Benign paroxysmal positional vertigo, commonly referred to as BPPV, is a vestibular disorder that causes vertigo. BPPV is caused when calcium deposits in the inner ear become dislodged from the otolithic membrane and settle in the semicircular canals. Any change in the position of the head causes these tiny crystals to shift, triggering dizziness.
What Causes BPPV?
There isn’t always an apparent cause when these calcium deposits break loose; however, it is commonly the result of a head injury, inner ear infection, damage from ear surgery or prolonged back position associated with bed rest. Migraines might also play a role. Older patients are susceptible to degeneration of the otolithic membrane related to normal aging.
What Are the Symptoms of BPPV?
BPPV is the most common cause of vertigo. The episodes of spinning may be severe but usually lasts for less than a minute. Other symptoms include dizziness or lightheadedness, loss of balance, blurred vision, nausea, vomiting and concentration difficulties.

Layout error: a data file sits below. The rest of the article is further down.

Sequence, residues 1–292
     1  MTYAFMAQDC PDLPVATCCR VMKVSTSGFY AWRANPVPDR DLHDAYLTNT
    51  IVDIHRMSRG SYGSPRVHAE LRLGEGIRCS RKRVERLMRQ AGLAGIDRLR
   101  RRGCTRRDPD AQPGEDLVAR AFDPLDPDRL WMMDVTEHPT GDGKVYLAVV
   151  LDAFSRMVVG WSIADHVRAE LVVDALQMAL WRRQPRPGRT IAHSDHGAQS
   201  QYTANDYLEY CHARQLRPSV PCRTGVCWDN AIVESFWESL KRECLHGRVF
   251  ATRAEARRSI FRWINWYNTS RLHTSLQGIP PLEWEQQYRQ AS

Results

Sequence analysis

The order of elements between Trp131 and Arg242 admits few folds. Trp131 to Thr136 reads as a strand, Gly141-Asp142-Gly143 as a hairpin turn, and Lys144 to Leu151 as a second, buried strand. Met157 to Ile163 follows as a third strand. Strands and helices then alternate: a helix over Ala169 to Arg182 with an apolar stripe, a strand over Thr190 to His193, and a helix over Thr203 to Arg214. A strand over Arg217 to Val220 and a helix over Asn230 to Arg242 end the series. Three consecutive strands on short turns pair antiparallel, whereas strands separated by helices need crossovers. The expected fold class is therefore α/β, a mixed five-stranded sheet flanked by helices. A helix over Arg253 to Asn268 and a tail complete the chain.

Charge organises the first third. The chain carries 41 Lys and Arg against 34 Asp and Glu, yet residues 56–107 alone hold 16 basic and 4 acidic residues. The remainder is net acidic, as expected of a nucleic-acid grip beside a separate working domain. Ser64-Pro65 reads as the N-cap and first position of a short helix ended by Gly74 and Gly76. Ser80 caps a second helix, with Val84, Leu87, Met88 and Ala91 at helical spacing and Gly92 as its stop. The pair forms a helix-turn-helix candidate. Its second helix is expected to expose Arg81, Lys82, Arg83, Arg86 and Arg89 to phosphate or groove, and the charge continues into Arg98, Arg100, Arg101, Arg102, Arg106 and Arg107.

How Is BPPV Treated?
When a balance specialist treats BPPV, repositioning maneuvers are typically the first step to provide relief from vertigo. These medically developed exercises move the canaliths from the semicircular canals and back into the utricle, where they no longer cause symptoms.
Types of Repositioning Maneuvers
Balance specialists use a few types of repositioning movements to treat patients with BPPV. Each uses slightly different movements and angles to move the calcium deposits from your inner ear canals. Known repositioning maneuvers include:
- Canalith Repositioning Procedure (CRP) or Epley maneuver
- Semont-Liberatory maneuver
- Half somersault maneuver or Foster maneuver
After your BPPV diagnosis, your physician or balance specialist will work with you to develop a treatment plan. The repositioning maneuvers that your physician recommends will depend on your individual case of BPPV. Your doctor will give you clear instructions to help you learn and understand your repositioning maneuver techniques.
Call Glacier Ear, Nose and Throat at (406) 752-8330 or Glacier Hearing Services (406) 752-1014 for more information or to schedule an appointment